Black Power Movement, in United States history, an effort among black Americans to gain control of the institutions that affect their daily lives by acquiring independent economic, social, and political power. The phrase “black power" was first used as a political slogan in 1966 by Stokely Carmichael, a leader of the Student Nonviolent Coordinating Committee (SNCC). The movement flourished in the late 1960's as a result of the dissatisfaction of some black activists with the progress of the civil rights movement and with its goals, which they considered too limited. The black power movement embraced a variety of groups, among them SNCC, the Congress of Racial Equality, the Black Panthers, and the Black Muslims.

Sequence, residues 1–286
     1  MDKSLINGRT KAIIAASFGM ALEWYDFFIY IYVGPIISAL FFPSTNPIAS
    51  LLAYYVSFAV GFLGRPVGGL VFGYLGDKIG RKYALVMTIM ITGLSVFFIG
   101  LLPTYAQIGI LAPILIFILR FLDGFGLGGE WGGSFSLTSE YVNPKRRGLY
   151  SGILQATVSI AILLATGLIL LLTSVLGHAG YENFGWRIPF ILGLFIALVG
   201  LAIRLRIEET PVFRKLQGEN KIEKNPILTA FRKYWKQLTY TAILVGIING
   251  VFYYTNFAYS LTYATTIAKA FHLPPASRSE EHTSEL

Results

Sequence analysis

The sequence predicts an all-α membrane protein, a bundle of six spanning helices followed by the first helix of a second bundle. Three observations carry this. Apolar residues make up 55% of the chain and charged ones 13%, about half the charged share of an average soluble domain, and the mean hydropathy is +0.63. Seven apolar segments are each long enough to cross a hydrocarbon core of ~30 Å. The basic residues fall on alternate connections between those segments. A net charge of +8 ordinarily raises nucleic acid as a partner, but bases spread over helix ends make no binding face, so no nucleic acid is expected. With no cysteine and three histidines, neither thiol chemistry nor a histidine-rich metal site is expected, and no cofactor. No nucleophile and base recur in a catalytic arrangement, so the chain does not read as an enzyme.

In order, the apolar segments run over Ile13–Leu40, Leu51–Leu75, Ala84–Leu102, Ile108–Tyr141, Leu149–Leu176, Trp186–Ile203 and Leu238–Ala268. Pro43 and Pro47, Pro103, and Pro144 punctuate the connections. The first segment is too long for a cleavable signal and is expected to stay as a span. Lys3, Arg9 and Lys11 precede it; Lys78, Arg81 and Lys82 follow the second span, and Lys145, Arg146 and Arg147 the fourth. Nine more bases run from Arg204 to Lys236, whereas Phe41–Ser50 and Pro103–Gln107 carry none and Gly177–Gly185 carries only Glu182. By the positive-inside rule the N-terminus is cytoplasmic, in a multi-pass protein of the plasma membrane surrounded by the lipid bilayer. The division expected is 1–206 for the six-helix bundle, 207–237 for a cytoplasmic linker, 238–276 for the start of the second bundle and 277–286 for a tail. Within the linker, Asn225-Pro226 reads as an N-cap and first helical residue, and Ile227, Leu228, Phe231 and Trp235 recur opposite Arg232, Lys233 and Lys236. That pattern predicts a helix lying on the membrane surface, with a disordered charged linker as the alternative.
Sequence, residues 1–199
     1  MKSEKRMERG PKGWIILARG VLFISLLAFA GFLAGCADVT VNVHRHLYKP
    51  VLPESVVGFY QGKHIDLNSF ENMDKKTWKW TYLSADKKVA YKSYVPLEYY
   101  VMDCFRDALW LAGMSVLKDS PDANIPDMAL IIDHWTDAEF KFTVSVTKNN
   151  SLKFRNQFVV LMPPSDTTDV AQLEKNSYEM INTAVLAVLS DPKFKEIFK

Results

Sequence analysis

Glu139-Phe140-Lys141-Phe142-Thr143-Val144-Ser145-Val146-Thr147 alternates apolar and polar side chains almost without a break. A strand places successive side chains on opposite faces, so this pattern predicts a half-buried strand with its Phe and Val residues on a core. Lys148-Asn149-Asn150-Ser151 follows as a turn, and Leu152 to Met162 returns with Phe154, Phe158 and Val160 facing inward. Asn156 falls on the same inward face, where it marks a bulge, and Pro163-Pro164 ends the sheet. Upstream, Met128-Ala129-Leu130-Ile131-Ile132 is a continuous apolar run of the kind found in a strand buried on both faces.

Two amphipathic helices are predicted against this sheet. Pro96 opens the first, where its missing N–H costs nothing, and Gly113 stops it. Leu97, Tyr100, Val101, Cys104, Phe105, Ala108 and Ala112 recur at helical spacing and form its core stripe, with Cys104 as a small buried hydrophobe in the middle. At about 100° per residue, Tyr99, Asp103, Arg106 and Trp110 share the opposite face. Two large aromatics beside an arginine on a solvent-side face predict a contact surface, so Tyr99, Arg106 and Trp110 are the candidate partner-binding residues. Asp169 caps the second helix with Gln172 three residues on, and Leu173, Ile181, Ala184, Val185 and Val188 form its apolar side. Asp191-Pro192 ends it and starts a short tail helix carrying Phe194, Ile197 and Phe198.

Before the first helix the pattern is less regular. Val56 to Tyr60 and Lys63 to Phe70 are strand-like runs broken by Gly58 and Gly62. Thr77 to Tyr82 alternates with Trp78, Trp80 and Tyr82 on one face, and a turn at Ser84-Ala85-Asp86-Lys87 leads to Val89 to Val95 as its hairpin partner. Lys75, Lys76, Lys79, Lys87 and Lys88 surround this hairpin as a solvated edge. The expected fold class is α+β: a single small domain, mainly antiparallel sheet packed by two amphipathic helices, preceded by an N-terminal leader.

The exercise of black power took a variety of forms, such as committing militant acts of defiance, establishing black-owned businesses, pressuring schools and colleges to develop programs in black studies, electing black candidates to public office, and organizing black community groups. By the early 1970's the movement had for the most part dissipated as many of its goals were adopted by the civil rights movement as a whole.